When my son and I leave the grocery store, I douse him in antibacterial lotion, especially since reading the recent finding that 72 percent of shopping carts contain fecal bacteria and other stomach-turners.
I’m similarly germ conscious when he comes home from school (all those hands wiping runny noses and grabbing the same paint brushes) or goes to eat a muffin after swinging at the playground.
But digging in the dirt, that’s a different story. Earth doesn’t phase me. This week, Cornell University researchers proposed that ingesting dirt actually has a protective effect for humans, particularly little kids and pregnant women. Here’s what they found:
Eating dirt, or “geophagy” has been a common practice throughout human history. Researcher Sera Young, reporting in a forthcoming article in The Quarterly Review of Biology says that across the globe you can find stories of humans chomping on earth — the first to document it was Hippocrates.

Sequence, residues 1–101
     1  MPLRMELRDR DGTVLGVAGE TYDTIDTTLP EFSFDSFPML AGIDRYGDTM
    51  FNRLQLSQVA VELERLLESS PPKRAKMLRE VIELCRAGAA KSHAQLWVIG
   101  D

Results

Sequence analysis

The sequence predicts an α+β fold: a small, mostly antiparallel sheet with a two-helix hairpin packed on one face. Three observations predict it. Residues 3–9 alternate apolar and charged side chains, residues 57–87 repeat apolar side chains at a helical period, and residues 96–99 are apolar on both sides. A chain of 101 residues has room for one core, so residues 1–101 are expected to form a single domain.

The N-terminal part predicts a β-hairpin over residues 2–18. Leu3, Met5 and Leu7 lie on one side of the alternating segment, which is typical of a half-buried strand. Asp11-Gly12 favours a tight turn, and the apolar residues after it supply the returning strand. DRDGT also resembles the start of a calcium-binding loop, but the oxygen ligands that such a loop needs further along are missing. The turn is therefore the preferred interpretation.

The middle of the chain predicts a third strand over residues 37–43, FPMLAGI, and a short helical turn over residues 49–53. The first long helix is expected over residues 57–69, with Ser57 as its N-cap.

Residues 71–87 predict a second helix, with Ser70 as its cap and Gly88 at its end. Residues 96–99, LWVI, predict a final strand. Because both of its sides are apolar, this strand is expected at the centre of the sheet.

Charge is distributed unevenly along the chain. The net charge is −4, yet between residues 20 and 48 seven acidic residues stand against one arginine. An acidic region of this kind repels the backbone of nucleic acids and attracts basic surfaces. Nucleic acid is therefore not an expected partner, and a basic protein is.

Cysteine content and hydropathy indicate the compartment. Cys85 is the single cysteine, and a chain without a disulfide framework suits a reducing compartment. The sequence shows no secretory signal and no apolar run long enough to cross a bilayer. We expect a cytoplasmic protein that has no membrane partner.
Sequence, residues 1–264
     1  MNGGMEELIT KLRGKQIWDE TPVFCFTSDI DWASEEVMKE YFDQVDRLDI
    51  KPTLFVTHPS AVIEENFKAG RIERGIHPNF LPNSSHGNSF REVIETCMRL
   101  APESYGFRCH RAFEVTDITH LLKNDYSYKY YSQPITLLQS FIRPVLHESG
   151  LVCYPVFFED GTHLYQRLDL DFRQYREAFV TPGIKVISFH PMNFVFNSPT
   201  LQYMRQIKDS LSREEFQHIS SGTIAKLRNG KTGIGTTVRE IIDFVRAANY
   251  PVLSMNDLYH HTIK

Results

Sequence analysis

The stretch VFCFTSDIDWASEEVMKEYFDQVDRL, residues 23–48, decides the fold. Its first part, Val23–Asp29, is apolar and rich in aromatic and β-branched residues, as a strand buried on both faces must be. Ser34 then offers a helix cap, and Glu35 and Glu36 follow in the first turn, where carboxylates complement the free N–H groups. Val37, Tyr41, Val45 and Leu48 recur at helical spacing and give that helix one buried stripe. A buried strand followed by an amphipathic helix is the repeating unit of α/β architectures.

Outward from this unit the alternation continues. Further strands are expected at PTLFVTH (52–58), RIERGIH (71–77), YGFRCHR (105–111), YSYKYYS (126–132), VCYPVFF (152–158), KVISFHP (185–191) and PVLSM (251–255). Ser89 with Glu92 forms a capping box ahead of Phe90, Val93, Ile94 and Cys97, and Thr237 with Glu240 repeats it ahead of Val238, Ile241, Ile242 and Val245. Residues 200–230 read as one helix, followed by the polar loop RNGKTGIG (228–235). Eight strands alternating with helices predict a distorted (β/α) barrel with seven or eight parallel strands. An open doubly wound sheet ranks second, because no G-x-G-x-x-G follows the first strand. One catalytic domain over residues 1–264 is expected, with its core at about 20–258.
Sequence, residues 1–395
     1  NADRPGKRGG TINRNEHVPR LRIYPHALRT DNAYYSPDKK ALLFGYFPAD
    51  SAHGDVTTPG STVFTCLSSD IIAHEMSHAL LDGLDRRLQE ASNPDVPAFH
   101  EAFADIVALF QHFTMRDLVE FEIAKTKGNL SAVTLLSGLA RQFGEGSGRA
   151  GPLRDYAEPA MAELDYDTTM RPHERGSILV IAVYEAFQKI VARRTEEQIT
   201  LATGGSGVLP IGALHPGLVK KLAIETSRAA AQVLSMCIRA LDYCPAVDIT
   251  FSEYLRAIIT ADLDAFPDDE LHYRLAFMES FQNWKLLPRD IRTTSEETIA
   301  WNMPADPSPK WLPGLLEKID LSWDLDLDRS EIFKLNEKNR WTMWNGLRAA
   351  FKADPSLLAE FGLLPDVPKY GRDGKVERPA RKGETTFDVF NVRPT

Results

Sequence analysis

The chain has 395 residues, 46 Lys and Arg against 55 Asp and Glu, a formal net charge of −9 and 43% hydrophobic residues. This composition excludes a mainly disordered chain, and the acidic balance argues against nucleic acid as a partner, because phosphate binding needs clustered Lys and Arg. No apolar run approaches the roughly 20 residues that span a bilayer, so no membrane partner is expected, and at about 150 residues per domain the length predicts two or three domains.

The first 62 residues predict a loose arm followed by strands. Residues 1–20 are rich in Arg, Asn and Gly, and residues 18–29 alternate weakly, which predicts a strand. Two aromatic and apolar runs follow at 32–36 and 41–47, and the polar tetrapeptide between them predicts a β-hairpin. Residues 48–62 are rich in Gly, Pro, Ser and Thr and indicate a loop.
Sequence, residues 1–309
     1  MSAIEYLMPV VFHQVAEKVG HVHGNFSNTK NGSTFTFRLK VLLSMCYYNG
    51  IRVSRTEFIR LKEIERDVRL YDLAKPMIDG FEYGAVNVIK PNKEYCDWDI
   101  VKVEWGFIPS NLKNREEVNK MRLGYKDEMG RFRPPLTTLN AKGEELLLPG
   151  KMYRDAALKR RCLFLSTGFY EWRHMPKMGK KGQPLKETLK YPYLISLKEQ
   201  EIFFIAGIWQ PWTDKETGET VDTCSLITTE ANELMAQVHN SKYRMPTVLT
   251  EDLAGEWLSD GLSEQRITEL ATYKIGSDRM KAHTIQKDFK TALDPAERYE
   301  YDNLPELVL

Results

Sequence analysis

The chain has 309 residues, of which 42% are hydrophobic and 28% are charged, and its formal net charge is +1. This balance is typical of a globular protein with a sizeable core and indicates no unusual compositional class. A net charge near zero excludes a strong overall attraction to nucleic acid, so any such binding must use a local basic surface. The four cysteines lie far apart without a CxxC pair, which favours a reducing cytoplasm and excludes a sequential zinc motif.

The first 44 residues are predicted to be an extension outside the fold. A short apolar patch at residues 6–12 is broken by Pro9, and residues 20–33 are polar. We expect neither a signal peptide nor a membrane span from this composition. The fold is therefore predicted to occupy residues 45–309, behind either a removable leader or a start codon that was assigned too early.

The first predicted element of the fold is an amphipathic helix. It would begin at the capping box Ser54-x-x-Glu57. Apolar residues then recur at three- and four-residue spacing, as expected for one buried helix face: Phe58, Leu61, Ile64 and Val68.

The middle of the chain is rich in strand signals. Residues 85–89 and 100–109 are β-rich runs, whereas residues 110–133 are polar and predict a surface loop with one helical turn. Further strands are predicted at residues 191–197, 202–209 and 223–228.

But no one really knew why — theories have included that it was to satisfy hunger, or to fill up on certain nutrients like iron, zinc, and calcium. By looking through historical records and noting when and why people eat dirt, though, the scientists determined that the most likely reason is that certain components of earth are protective, fortifying people against pathogens, parasites, and plant toxins. One of the clues is that across the world and through history, the most likely people to eat dirt are women in the beginning of pregnancy and children — both in more vulnerable states of health.
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